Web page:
Vacuum is only used to open the choke. To close, assuming it is an automatic choke, there is a thermal spring coil. There is usually an adjustment that consists of loosening the fasteners on the round spring housing and turning. It should have marks for different settings, but these are not exact. Adjust in the morning by loosening the screws, opening the throttle with one hand, and rotating the spring housing until the choke is just closed. Tighten the screws. Make sure to check the engine after it warms up to see if the choke is opening properly. There may also be a fast idle setting that uses a cam to increase the idle when tne choke is closed.

Aug 04, 2017 | 1989 Mercedes-Benz Mercedes Benz S Class

3 Answers

1975 Datsun (ie. mechanical fuel pump). Carburettor, electrics (inc. battery all good) fuel strainer all good. On cold start engine needs to be cranked several times. Warm start is invariably immediate. ...


Carburated vehicles ether have an automatic choke, or the very old ones, a hand choke. Yours has an automatic choke. The starting problem likely is a problem with the choke. The problem is almost certainly not the fuel pump.To set the automatic choke, push the accelerator to the floor, and RELEASE. Then start the engine just like you would a fuel injected vehicle. If this doesn't solve the problem, then the automatic choke needs to be repaired.

Oct 31, 2010 | Datsun Pulsar Cars & Trucks

1 Answer

Were is the automatic choke situated my car is revving to high


Your car doesn't have a choke. Fuel injected engines alter the mixture using information from the sensors to give the right mixture all the time, thus negating the need for a choke. This is only for carbureted engines, and your car is not. If it's idling fast, you can change the settings on your idle set screw, or have it tuned.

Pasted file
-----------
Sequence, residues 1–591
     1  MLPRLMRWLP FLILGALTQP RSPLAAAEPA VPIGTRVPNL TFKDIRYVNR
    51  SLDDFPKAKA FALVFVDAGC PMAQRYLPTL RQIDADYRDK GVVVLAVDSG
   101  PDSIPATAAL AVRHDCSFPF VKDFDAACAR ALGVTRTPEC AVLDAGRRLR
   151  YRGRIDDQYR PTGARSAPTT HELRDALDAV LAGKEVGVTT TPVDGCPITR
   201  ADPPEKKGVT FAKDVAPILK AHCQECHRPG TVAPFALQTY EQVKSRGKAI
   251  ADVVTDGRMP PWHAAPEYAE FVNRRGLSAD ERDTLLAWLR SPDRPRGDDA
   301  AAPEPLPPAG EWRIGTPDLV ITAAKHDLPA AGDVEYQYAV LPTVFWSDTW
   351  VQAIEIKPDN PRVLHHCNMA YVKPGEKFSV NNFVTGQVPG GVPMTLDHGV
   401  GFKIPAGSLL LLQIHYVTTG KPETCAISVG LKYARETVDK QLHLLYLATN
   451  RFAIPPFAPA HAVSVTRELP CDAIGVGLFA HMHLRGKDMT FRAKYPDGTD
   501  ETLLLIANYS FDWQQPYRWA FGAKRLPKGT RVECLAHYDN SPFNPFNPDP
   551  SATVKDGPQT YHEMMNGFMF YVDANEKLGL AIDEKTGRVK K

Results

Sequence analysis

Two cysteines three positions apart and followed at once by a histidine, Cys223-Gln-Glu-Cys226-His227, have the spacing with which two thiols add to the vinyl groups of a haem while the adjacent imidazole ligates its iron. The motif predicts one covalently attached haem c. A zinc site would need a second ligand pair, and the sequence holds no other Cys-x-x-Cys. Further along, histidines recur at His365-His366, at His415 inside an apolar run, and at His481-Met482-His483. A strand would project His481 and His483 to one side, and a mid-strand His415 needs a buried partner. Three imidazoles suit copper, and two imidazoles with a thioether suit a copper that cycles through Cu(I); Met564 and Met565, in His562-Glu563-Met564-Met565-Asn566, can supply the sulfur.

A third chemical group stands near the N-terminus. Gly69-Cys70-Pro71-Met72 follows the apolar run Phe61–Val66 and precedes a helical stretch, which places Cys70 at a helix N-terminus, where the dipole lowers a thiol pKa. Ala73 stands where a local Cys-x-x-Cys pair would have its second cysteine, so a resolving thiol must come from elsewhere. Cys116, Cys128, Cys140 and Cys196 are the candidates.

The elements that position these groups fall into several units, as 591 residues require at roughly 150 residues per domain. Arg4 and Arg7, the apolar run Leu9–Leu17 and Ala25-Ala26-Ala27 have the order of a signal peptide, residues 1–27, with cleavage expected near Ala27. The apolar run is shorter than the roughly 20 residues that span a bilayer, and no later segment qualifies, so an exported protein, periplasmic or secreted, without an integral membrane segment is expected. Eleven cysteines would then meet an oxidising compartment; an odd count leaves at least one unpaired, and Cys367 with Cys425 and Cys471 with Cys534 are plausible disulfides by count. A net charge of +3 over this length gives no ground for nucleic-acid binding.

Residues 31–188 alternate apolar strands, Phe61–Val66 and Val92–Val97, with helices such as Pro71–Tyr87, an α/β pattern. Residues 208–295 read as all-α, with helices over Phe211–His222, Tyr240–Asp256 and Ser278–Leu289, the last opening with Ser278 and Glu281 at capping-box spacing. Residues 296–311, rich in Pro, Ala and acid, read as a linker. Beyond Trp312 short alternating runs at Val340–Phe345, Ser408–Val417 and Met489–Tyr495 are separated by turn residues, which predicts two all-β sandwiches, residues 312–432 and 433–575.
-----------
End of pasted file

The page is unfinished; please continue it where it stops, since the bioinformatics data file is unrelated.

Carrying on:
Dec 09, 2009 | 1992 BMW 3 Series

3 Answers

Flooding,black smoke,run hard,choke sticking


The first thing i would look at here is the choke pull. Make sure that after the car starts, the choke props open. Also, as the engine warms, make sure the electric choke is opening up. If not, make sure you have 12V to the choke. If so, replace it. This should solve the problem.

But let me know if you need any further assistance, ok? We'll get it working! :)

Oct 06, 2009 | 1986 Chevrolet Caprice

2 Answers

1995 Mitsubishi L300 Van 2ltr aspirated motor, Automatic choke revs extremely high on cold start, will not decelerate till engine is hot. How can I remedy this?


If it's carburetor & has automatic choke, then there is probably a screw at side of carb, by step cam that moves with choke . Back it of a little at a time until you get desired cold idle speed. Make sure you turn step cam to setting it would normally be when cold, and choke on, then turn screw out to lower rpm's. Look for a little rod from choke shaft, down to base or side of carb area, to step cam.

Jul 17, 2009 | 1988 Mitsubishi Pickup

1 Answer

High Idle from start


Maybe the automatic choke needs a good cleaning and has gummed up over time and is possibly causing the choke to stick until the engine warms and loosens the part to function properly.

Apr 18, 2009 | 1994 Toyota Pickup

1 Answer

Need fuel/air settings for 4150 holley 600cfm. from seat.


Depends where the timing is set and you really just have to play with them until you get the rigght settings

Nov 16, 2008 | 1981 Ford F 100